Florida education leaders discuss Parental Rights law details
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The law is set to take effect on Friday, though certain elements of it are still being discussed.

TALLAHASSEE, Fla. — Florida’s controversial “Parental Rights in Education” law — known by critics as the “Don’t Say Gay” law — is set to take effect on Friday. But, specific details of the legislation are still being workshopped by the state’s education leaders.

The legislation, which has been a topic of debate throughout the country, bars educators from teaching about sexual orientation or gender identity to students in kindergarten through third grade. It gives school districts the power to ban such topics beyond third grade if leaders deem them not age or developmentally appropriate.

The law also spells out new levels of parental authority over what happens in the classroom. For instance, schools will be required to notify parents if educators noticed any major changes in their child’s health or welfare.

The law provides a framework that allows parents to sue the school if they think procedures infringe on their rights to raise their own children.

Specifically, under the legislation, parents may present complaints to the school principal or someone else who is designated to receive such complaints. The school then has 30 days to resolve the concern or provide a statement of the reasons for not resolving the concern. 

If a concern is not resolved by the school district, a parent has two options: take legal action, or request the Commissioner of Education to appoint a special magistrate to examine the complaint. 

The process of involving a special magistrate was the topic of the June 29 workshop held by the Florida Department of Education. 

On Wednesday, state education leaders met to discuss a rule related to the special magistrate process.

“The purpose of this rule development is to craft a rule describing the process for a parent to request the appointment of a special magistrate when a parent’s concern for his child’s welfare under the provisions of s. 1001.42(8)(c), F.S., have not been satisfactorily resolved at the local level by the school principal or by the school district,” a notice about the meeting said.

The President of Florida’s largest union, the Florida Education Association, Andrew Spar, said before legal processes are decided, there needs to be more clarity on the law. He also said educators across the state have questions about what the law means in practice. 

“The questions have been, one, we don’t teach sex education in grades K through three. Why did they need a law to say we shouldn’t teach sex education in grades K through three?” Spar said. “Two, what does it mean when it says age-appropriate or developmentally appropriate curriculum? What curriculum are they talking about in our upper grades? What does this do for clubs like the Gay-Straight Alliance clubs that a lot of our high schools have?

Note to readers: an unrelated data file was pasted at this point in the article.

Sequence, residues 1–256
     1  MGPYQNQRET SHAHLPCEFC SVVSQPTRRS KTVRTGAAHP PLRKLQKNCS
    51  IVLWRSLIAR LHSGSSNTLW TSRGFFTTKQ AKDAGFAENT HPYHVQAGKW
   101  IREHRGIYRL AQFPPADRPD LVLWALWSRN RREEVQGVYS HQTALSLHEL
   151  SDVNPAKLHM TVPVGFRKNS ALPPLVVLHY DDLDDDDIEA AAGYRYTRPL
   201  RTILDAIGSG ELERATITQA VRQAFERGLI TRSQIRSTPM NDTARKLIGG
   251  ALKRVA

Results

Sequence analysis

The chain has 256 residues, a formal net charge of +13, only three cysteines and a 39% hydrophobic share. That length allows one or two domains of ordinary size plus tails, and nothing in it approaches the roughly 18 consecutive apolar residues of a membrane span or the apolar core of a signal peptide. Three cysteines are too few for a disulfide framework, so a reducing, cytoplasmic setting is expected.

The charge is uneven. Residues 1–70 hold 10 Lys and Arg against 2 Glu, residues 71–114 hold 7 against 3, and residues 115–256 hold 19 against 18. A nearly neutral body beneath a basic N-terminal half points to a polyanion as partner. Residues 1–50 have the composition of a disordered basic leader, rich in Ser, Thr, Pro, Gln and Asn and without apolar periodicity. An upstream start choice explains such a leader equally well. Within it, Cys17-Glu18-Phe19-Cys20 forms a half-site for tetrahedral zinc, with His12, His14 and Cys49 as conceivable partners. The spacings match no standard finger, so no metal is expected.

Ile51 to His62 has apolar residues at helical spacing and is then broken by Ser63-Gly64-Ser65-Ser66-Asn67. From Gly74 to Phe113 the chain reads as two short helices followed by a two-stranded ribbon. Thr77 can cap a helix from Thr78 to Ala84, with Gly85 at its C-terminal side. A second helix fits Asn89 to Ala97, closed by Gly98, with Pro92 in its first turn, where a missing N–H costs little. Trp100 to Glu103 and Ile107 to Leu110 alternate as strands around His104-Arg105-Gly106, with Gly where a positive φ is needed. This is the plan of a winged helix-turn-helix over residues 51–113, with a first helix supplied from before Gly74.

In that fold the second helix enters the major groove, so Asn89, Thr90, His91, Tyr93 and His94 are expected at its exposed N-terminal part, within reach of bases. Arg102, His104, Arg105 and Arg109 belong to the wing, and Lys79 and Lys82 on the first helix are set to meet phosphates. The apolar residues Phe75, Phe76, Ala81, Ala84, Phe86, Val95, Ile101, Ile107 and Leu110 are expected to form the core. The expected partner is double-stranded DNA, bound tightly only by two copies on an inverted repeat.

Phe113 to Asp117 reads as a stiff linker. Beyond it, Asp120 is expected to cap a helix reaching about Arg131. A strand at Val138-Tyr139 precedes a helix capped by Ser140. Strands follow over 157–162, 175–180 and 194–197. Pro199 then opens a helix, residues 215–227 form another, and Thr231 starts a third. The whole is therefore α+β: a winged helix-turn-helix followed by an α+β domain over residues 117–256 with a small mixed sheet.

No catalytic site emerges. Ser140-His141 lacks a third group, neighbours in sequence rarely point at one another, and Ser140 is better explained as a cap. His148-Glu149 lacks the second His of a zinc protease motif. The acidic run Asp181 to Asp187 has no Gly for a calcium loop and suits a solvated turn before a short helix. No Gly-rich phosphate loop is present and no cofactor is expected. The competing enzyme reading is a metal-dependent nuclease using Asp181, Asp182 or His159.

“What does it do for students who identify as part of the LGBTQ community and want additional support services in their schools? So those are the kinds of questions that continue to come up,” he added. 

Without official guidance from the Florida Department of Education, Spar advised educators to continue their work as normal. 

“Unless we get guidance from the Department of Education in Tallahassee, I think districts should continue to promote and support students and teachers like they’ve done every other year. I don’t think they should change anything because the premise of this bill was based on a falsehood that we were teaching kids sex education in grades K through three,” said Spar. 

For teachers who fear legal repercussions, Spar said his union is there to support them.

“As a union, we’re going to stand behind our members. So I would encourage anyone who works in our schools to be part of their union,” he said. “But I’m also going to say that as educators, we have an ethical and moral responsibility to teach kids, care for kids, and to keep kids safe. And we should continue to do that.”

Florida Gov. Ron DeSantis has shown support for the divisive legislation since it was introduced. 

“At the end of the day, my goal is to educate kids on the subjects —math, reading, science — all the things that are so important,” the governor said during a February press conference. “I don’t want the schools to kind of be a playground for ideological disputes or to try to inject.”

Critics, on the other hand, fear it will marginalize the LGBTQ+ community.

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